“This is the most serious charge ever made against a sitting president. Let’s not minimise it. Comey is in the waste-basket of history, everything else is off the table. This is the most serious charge ever made against a sitting president of the United States. Let’s not underestimate it.”

Mr Dershowitz has clarified that while the accusation is serious, it’s not criminal and it’s not impeachable.

Democratic Senator Patrick Leahy says the Washington Post report is deeply troubling.

“I don’t know whether the article is accurate or not. They’ve had a lot of very accurate articles but it would be almost inconceivable that any president would allow something of that nature out, anything that would disclose sources and method, those are things that we protect.”


Palmer compares court date to Nazi Germany

After saying justice in Australia “is a game”, Clive Palmer claimed privilege at least 84 times in court as he evaded questions about the collapse of Queensland Nickel.


For the second week in a row, the former Fairfax MP turned up to the Federal Court in Brisbane clinging to a sick bag and complaining of pain.

This time he was comparing his forced appearance to something that “would only happen in Nazi Germany”.

He was examined by lawyers for special purpose liquidators about decisions made around company shares, his recollection of ongoing Supreme Court proceedings involving one of his firms, Mineralogy, and the appointment of associate Domenic Martino as controller to another of his companies, China First, to get back a $135 million debt.

China First claimed it was owed the funds by Queensland Nickel as part of a deal struck just days before Queensland Nickel went into voluntary administration.

The agreement committed the nickel company to buying $135 million of shares in the mine developer and if it couldn’t be paid, China First could go after Queensland Nickel’s assets.

Appearing rumpled in the witness box, Mr Palmer frequently told the court in hushed tones that he could not recall details being asked of him.

“I can’t respond to that … because of my health,” he said.

The mining magnate was last week ordered by a judge to appear in court to be questioned over the whereabouts of his jet-setting nephew Clive Mensink, despite claiming he was too sick and suffering from memory loss after taking the morphine-based drug, Targin, for pancreatitis.

Mr Palmer’s barrister, Andrew Boe, on Tuesday told the court his client was still sick and had ingested the painkiller within the past 24 hours.

At one point, standing with his belt undone, Mr Palmer reached down to pick the sick bag up off the floor.

Mr Mensink has failed to appear in court to answer liquidators’ questions about Queensland Nickel, which folded in early 2016 with about $300 million in debts and the loss of almost 800 jobs at its Yabulu nickel refinery near Townsville.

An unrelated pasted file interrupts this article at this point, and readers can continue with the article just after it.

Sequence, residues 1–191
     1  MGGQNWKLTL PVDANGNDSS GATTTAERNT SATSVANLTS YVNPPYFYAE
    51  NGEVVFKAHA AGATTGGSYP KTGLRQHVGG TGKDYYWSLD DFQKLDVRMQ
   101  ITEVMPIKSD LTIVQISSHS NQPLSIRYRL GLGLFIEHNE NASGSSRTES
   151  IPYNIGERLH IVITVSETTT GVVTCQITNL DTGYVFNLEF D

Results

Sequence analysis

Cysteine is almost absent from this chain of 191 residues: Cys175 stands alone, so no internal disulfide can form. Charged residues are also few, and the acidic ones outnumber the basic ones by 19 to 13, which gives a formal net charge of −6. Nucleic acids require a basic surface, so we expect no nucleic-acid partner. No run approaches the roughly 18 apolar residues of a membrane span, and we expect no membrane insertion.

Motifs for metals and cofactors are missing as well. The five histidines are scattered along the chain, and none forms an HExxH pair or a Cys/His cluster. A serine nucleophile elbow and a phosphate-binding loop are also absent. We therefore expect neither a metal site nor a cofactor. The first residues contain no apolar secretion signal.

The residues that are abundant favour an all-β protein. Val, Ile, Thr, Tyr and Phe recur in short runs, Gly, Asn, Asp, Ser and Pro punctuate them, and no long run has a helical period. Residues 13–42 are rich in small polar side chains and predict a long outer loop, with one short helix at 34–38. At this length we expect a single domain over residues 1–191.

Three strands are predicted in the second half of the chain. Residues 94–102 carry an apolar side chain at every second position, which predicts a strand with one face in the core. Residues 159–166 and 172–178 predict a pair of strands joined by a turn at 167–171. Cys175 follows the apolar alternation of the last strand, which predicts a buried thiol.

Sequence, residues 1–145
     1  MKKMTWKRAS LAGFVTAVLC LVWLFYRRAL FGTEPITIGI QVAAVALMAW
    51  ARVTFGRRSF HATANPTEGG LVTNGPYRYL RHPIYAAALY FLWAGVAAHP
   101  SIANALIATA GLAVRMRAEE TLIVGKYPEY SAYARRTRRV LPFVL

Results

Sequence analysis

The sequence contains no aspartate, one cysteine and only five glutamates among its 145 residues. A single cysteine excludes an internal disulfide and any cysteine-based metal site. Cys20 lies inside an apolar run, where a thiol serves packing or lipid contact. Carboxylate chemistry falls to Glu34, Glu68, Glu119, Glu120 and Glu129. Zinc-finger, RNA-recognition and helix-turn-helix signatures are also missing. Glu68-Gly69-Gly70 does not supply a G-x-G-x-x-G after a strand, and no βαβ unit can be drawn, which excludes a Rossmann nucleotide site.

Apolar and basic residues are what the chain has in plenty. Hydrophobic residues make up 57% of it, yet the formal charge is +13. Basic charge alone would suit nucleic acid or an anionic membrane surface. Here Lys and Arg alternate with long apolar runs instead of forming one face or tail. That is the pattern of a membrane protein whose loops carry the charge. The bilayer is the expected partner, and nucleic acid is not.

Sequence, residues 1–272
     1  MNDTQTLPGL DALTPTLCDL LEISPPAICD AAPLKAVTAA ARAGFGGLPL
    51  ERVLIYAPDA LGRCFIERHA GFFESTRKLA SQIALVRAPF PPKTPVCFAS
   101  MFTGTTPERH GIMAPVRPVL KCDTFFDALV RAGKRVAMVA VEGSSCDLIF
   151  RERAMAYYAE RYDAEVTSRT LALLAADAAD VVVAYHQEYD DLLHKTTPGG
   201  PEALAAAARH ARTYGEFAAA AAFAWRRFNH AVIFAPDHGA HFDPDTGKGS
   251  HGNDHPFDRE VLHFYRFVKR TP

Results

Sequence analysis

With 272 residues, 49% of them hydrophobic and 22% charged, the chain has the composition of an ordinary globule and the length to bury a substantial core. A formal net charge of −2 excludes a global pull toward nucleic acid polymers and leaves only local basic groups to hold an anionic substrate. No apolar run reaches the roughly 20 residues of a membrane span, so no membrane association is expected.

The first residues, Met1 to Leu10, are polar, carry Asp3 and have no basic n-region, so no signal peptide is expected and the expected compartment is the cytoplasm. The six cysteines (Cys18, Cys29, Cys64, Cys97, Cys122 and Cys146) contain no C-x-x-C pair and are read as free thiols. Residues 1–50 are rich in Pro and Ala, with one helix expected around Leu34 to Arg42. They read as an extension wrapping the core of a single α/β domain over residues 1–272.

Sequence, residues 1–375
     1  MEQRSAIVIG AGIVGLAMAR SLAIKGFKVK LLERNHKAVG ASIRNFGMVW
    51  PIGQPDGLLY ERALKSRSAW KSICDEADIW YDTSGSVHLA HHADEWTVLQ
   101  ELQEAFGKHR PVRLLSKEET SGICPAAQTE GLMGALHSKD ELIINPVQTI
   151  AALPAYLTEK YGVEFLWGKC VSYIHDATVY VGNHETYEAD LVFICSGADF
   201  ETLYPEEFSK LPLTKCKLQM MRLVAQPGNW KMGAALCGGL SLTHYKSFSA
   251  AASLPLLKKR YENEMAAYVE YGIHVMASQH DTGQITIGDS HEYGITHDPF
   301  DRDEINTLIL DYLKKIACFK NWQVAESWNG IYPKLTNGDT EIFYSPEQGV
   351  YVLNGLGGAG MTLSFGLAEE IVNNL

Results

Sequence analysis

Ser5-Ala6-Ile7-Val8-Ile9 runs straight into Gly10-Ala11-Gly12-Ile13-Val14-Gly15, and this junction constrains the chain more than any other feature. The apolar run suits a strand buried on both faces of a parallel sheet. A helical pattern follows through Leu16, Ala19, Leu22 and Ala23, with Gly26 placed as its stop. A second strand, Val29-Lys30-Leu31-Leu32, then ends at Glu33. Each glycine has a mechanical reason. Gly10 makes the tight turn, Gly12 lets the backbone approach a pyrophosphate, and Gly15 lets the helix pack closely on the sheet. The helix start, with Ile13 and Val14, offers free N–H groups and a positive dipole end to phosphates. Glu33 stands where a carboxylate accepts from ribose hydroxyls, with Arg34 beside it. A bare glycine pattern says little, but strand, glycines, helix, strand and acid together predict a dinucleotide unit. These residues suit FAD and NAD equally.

During the hearing, Mr Palmer was prompted by lawyers to invoke privilege, doing so at least 84 times, to protect himself from self-incrimination.

Lawyers for general purpose liquidators – FTI Consulting – also asked Mr Palmer about the structure of his corporate empire, his employees, financial statements and bank accounts, before the hearing was adjourned until Wednesday.

“We can try tomorrow all day, I’ll be fresher then, I’ll be more helpful,” Mr Palmer said.

When Mr Palmer arrived at court, a minder who refused to give his name read out a statement on his behalf, saying he was being compelled to give evidence despite his condition as payback for initiating a Senate inquiry into the Newman government while he was an MP.

“Surgery and intensive care, pain and duress, and currently on morphine, all confirmed by the court, regardless I’m dragged into the court today,” he said.

“This would only happen in Nazi Germany.

“It makes me feel ashamed to live in a land where justice is a game.”

Mr Palmer vocalised his annoyance again as he left the court.

“I don’t think it’s a good policy for people on narcotics to give evidence,” he said.

Consumers demand better online shipping

Jane Lu has leveraged social media to help expand her online women’s fashion business Showpo which now employs 38 people.


It’s been operating for six years and Ms Lu says sales are growing.

“We’ve more than doubled in the last year, and we’re expecting over $30 million this year.”

Her customers are demanding unique and affordable fashion and she’s getting it to them quickly by offering next day delivery for metropolitan customers.

“Which i think is very important for millennials, which is a large part of our demographic.”

She’s also reintroducing three hour dispatches even if it requires a premium to be paid.


PayPay Australia Managing Director, Libby Roy says not all businesses are offering timely delivery.

“More than 50 percent of Australian consumers are saying that Australian retailers are behind when it comes to shipping.”

However, it’s not just about speed – the price of shipping also plays a role.

PayPal’s report showed that while more than 40 per cent of customers have abandoned their online shopping carts because shipping took too long, 73 per cent didn’t go through with their purchase because shipping costs were too high.

“So yes, you do need to think about your economics, so what’s the minimum purchase price that you can afford free delivery,” says Ms Hay who adds that it’s a important to get right to stay ahead of new  more powerful entrants like Amazon.

“Undoubtedly they’re are going to increase competition, but competition is a great thing, and the thing to remember is that they’re not here yet.”